1.      The legal effects of a judgment annulling a measure of an institution concern only the parties in the proceedings and those directly affected by the annulled measure. It is only in respect of those persons that a judgment may constitute a new fact and re-open the time-limits for appeal against that measure. It is also settled case-law that the finding, by a judgment of a Union court, that an administrative decision of general application infringes the Staff Regulations cannot constitute, in respect of persons who have failed to make use in good time of the possible remedies offered by the Staff Regulations, a new fact warranting the submission of a request for reconsideration of individual decisions concerning them. Such a judgment does not annul the administrative decision of general application in question, but merely declares inapplicable some of its provisions in a specific case. Those principles may apply similarly, if a new plea is submitted out of time in the course of the proceedings, where a judgment annuls only the decisions not to include the applicants’ names on the reserve list in a competition without annulling the competition itself.

(see paras 39-41)


14 December 1965, 52/64 Pfloeschner v Commission; 8 March 1988, 125/87 Brown v Court of Justice, para. 13; 14 June 1988, 161/87 Muysers and Tülp v Court of Auditors, para. 10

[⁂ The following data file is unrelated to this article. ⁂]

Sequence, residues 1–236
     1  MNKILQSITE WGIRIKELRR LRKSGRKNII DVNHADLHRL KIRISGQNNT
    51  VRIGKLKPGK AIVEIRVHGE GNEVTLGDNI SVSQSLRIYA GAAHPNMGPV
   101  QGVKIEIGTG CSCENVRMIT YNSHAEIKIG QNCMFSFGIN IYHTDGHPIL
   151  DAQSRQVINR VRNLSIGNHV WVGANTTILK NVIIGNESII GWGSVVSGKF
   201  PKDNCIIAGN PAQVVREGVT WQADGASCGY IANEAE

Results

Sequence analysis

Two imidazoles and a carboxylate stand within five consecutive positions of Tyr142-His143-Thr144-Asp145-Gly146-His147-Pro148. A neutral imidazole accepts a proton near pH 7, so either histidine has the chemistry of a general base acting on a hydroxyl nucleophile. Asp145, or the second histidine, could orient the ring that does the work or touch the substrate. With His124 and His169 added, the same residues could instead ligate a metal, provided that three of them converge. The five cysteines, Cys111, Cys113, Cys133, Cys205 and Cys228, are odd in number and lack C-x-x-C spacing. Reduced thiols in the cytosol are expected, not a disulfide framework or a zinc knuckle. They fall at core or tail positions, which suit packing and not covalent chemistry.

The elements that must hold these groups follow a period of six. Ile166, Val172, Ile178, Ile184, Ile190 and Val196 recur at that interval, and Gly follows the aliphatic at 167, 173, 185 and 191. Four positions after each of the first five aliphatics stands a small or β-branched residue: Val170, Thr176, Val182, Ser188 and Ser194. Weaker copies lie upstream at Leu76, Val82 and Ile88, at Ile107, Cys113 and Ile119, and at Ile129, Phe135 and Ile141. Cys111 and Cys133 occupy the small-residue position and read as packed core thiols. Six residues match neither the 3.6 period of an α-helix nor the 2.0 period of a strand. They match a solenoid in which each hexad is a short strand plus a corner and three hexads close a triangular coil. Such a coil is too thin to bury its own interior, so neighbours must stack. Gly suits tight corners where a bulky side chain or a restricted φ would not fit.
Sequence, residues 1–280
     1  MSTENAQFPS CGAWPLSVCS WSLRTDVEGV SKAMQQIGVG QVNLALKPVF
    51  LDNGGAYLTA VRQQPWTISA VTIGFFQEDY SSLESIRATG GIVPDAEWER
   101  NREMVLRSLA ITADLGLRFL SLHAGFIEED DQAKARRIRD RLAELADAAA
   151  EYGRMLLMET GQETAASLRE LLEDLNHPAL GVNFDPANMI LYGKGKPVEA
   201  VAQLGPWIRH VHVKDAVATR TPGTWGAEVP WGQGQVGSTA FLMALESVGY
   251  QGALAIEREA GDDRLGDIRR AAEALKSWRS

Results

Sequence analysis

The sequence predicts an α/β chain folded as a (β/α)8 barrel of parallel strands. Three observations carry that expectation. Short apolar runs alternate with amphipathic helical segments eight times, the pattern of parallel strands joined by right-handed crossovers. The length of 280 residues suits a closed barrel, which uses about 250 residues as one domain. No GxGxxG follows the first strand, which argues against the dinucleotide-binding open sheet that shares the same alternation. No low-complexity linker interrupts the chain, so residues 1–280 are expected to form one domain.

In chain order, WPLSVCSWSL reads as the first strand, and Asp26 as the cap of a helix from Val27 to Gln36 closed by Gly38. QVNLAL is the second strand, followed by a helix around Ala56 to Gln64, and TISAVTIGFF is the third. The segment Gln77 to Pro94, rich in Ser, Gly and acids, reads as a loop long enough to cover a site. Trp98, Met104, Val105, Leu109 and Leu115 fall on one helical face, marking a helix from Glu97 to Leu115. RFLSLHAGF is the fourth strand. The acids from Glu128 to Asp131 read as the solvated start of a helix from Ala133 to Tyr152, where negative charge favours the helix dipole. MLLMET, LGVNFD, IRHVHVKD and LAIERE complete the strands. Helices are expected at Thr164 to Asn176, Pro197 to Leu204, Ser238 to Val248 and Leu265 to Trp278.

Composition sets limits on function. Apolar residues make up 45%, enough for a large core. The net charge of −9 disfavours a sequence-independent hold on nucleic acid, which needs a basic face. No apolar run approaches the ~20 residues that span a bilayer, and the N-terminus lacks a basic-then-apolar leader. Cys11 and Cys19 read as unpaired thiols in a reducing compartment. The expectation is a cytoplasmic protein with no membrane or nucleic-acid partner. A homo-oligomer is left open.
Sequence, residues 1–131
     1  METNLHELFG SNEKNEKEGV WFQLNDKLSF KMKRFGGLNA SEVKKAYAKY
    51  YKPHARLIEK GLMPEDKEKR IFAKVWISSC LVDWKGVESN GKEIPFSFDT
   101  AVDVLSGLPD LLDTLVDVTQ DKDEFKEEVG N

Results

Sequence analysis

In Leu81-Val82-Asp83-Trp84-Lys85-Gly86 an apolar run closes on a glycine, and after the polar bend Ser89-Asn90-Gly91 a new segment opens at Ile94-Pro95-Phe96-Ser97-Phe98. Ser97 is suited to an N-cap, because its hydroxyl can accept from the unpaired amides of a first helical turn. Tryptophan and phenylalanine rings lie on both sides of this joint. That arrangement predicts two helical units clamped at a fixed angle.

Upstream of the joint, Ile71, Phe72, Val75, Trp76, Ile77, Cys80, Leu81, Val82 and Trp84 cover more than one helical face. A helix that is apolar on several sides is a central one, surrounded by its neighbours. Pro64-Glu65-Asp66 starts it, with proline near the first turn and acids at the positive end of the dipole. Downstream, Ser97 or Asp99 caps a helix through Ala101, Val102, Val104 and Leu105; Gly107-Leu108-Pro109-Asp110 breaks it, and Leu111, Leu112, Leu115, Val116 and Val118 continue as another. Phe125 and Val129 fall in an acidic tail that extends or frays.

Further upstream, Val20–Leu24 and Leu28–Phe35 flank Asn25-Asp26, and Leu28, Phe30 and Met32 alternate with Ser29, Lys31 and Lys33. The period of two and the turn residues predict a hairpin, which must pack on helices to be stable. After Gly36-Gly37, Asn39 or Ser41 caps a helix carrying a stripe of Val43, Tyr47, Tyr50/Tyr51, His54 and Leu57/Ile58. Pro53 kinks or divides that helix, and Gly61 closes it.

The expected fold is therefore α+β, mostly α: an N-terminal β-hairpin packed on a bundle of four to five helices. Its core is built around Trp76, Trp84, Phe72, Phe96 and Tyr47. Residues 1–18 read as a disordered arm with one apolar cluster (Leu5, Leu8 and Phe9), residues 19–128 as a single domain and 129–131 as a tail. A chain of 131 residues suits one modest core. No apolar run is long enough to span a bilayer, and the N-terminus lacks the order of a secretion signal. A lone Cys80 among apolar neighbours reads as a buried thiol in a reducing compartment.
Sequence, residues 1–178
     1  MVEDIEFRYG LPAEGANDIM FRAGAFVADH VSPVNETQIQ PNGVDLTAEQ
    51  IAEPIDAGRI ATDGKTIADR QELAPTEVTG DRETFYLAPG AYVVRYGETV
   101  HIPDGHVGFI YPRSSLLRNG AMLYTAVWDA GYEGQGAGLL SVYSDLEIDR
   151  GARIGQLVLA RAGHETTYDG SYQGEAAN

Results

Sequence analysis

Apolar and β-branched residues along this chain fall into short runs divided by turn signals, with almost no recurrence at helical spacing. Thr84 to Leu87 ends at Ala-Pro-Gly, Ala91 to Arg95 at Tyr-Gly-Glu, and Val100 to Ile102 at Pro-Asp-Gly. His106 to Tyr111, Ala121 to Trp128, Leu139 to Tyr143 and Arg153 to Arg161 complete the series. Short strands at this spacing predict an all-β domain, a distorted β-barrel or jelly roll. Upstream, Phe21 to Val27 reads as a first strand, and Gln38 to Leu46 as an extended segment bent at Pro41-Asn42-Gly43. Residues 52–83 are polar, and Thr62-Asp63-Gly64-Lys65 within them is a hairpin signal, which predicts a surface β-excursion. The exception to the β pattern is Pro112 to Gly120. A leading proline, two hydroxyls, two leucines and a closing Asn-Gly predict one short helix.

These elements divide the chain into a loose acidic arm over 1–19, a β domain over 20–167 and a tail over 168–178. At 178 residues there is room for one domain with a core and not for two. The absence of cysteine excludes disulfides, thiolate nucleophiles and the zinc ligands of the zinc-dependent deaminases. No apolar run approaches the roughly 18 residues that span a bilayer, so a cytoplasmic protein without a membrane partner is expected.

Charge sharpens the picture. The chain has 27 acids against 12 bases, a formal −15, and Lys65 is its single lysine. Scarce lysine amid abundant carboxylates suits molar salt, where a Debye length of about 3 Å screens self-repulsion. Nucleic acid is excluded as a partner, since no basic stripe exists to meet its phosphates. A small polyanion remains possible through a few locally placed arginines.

11 July 1997, T‑16/97 Chauvin v Commission, paras 39 to 45; 9 February 2000, T‑165/97 Gómez de la Cruz Talegón v Commission, para. 51

11 June 2009, F‑81/08 Ketselidou v Commission, paras 46 and 47

2.      In the case of proceedings brought by a candidate in a competition based on qualifications and tests who has failed the oral test and not been included on the reserve list, the Commission satisfies its obligation to state the reasons for its decision where it has already given the initial elements of a statement of reasons before the action was brought and where it has produced, in the course of the proceedings, the intermediate marks obtained by the applicant in the oral test, which constitute the additional information required.

(see para. 47)

3.      In order to be constituted in accordance with the provisions of the Staff Regulations and in particular of Article 3 of Annex III thereto, a selection board must be composed in such a way as to guarantee an objective assessment of the performance of candidates in the tests in relation to their professional qualities. The knowledge that members of a selection board must have of the language in which candidates are required to sit an oral test varies according to the circumstances of each competition, the importance of having a thorough knowledge of that language in the post to be filled, and the purpose of the oral test concerned. With regard to an open competition held in order to recruit administrators in the field of European public administration, for example, where the purpose of the oral test is not to examine the candidate’s linguistic knowledge in his main language, but rather to examine his ability to communicate in that language in a multicultural environment, at the oral test the selection board need not necessarily include a member or assessor with the same main language as the candidates, since interpreters may perfectly well be used to overcome any problems of comprehension.